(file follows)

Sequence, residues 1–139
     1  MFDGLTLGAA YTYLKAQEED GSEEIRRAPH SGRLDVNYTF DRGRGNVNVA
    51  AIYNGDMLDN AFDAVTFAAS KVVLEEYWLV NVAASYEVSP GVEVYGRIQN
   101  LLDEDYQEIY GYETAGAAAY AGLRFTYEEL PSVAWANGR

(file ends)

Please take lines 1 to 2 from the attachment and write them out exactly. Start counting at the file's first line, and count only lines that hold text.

Sequence, residues 1–139
     1  MFDGLTLGAA YTYLKAQEED GSEEIRRAPH SGRLDVNYTF DRGRGNVNVA